And how much does all of this cost?
The ISS is the most expensive thing humans have ever built. The station has cost approx. $160 billion to build and maintain thus far (with 2/3 of the money coming from the US tax payer), and the running cost of the stations is $7.5 million per person per day (the most expensive housing ever!). The US National Aeronautics and Space Administration (NASA) to seeking to keep the station going until 2024 (Click here to read more about this).
Now you are probably thinking that’s a lot of money, especially considering that a huge Gerald R. Ford–class aircraft carrier costs just $10 billion.
The 337 metre (1,106 ft) long USS Gerald R. Ford. Source: Wikipedia
And NASA agrees.
And they are making a special effort to demonstrate how the ISS is benefiting mankind (see their 15 ways ISS benefits Earth page), and they keep a database of results of all the research being conducted on the station.
Importantly, the research being conducted on the ISS is focusing on how micro-gravity affects the human body. And this will pay big dividends for ‘the unborn’. As we look towards a future where we have more of a presence in space and exploring the solar system around us, what we learn now about how the human body deals with micro-gravity will be invaluable.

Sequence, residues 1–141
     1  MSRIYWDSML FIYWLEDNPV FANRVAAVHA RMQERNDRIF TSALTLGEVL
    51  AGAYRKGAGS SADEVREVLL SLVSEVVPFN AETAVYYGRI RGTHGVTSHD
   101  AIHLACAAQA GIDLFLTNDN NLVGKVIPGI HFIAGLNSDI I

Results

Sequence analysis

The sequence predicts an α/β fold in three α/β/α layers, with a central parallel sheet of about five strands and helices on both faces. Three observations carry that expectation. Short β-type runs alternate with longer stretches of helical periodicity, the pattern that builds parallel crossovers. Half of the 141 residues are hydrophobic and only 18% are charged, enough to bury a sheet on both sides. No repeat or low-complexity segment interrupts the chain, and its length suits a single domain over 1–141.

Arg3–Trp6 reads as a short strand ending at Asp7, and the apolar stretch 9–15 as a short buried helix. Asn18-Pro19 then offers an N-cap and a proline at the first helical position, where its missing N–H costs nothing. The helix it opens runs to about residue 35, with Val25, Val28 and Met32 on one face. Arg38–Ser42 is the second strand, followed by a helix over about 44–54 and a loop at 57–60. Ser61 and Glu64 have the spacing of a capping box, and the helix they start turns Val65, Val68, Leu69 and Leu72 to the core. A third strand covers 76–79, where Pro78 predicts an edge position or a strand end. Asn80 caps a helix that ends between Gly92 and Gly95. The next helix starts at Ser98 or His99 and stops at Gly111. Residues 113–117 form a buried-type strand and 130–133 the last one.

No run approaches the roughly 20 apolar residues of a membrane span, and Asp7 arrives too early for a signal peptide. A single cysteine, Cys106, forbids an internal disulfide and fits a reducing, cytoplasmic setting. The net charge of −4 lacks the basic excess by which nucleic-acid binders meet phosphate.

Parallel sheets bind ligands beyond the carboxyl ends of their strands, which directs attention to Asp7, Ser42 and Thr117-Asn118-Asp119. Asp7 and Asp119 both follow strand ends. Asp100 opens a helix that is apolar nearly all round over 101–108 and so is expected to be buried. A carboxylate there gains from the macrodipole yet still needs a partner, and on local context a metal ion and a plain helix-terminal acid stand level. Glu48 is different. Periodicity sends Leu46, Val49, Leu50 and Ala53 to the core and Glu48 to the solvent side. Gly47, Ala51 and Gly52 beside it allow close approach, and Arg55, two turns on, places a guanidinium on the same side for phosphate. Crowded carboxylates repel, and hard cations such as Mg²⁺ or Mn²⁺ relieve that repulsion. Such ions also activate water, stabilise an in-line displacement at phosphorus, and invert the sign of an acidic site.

Sunrise on the ISS. Source: Wikipedia
Not sure I agree with you on that
Well think of it this way: there is a project currently being conducted on the ISS that could not be done on Earth that could pay big dividends for the Parkinson’s community.
Ok, so what is the Parkinson’s research being conducted on the ISS?
Last Monday, the SpaceX Dragon CRS-12 rocket carried up to the ISS the elements necessary for an experiment (called ‘Crystallization of LRRK2 Under Microgravity Conditions‘ or CASIS PCG 7)) that will involve growing crystals of a Parkinson’s associated protein called Leucine-rich repeat kinase 2 (or LRRK2). The project is being funded by the Michael J Fox foundation.
What is LRRK2?
Also known as ‘Dardarin‘ (from the Basque word “dardara” which means “trembling”), LRRK2 is an enzyme that has many functions within a cell – from supporting efforts to move things around inside the cell to helping to keep the power on (involved with mitochondrial function).
The many jobs of LRRK2. Source: Researchgate
The gene that provides the instruction for making the LRRK2 enzyme resides on the 12th chromosome, in an area of DNA referred to as ‘PARK8’ (one of the Parkinson’s disease-associated genetic regions). The gene is made up of many different regions, each of which is involved with the different functions of the eventual protein.